The time for connected offices is already here. For example IoT takes remote device management to a whole new level. Machines in factories now have sensors that notify workers as soon as there’s a problem. With millennials who are roughly 66 percent of the workforce; are willing to try wearable devices which help them perform better – the “Internet of Things” won’t just empower things, it will also entrust people to better manage aspects of their work lives.

The “Internet of Things” is starting to make its presence felt in the workplace. Not only will it completely transform how we work, it will also change the way we interact with our surroundings. While it’s true that many companies already have the basic building blocks to roll out connectivity and the things to connect, where it can start getting complicated is bringing all the elements together, maybe because IoT is still an emerging trend and there is lack of familiarity among the users. Also, to some extend the benefits are not always captured and aligned with the business objectives. At the moment many of our connected devices can talk, but not the same languages. There’s a danger of creating chaos with a smart system if all the aspects within it aren’t singing the same song. This creates barrier in unlocking the real value of IoT.

IoT in India

IoT adoption in India comes with its own challenges – Security and Privacy issues are paramount as everything becomes more networked. Lack of standards and protocols, reliability and stability issues are common. In addition, upgrading of telecom & cable infrastructure is required in India. Also, we need to upskill our workforce as there is lack of adequate skill-sets to expedite the march towards fourth industrial revolution.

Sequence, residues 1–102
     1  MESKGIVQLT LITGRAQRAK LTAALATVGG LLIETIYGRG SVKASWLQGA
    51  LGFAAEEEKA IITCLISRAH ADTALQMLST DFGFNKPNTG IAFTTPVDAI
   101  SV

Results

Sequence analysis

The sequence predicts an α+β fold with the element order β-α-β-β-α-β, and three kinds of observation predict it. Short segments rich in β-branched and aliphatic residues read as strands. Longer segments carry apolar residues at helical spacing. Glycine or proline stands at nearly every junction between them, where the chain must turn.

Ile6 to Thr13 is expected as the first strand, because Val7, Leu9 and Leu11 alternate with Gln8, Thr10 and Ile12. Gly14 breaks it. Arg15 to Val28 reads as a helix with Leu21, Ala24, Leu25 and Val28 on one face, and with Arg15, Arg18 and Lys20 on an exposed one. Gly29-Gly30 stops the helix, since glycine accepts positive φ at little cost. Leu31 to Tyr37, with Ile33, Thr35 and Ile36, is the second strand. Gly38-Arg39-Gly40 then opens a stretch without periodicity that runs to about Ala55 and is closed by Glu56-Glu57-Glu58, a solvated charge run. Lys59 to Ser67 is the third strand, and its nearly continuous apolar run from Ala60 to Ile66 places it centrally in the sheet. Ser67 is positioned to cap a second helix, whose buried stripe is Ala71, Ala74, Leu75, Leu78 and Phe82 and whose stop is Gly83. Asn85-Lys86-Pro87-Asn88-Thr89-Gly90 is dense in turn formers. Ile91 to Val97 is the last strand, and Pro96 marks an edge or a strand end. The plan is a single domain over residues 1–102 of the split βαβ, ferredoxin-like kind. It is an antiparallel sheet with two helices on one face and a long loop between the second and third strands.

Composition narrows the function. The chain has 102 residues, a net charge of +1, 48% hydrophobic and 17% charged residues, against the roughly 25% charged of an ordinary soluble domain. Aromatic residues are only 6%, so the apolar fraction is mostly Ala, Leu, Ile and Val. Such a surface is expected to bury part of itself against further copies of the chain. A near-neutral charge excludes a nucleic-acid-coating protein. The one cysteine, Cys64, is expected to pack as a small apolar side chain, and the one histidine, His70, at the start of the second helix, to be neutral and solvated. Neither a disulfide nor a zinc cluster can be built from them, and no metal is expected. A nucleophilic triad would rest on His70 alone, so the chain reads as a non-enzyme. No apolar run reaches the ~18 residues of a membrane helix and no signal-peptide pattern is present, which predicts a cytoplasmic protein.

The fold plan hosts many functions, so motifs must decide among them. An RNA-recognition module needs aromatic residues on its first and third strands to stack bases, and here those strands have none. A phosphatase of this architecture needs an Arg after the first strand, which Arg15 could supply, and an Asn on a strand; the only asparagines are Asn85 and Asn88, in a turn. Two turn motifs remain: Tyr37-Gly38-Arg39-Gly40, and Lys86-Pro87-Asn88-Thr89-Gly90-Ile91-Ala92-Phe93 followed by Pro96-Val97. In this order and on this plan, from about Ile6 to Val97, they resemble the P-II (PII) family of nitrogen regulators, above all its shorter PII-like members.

According to analysts IoT market in India is projected to grow at a CAGR over 28% during 2015 to 2020. IoT is being rapidly brought into use across diverse industry verticals to reduce operational and manpower costs, and increase operational efficiency. However, the technical complexities, cultural integration and business models will evolve in parallel to the digital business vision and IoT roadmap evolution. However, India’s IoT market is highly fragmented with numerous players operating across the value chain and there exist some local challenges because of which the growth may not at par with the global level. For example getting device connected in Indian infrastructure is not easy. Extreme temperature, high levels of humidity and dust, lack of clean and continuous power supply, inadequate telecom coverage.

Need for standardization of all devices across an IoT ecosystem coupled with favorable Government policy environment are set to fuel growth in the country’s IoT market over the next five years. Planned government projects such as smart cities, smart grids, smart transportation etc. are expected to be major revenue generating sources for the IoT solution providers in the years to come.w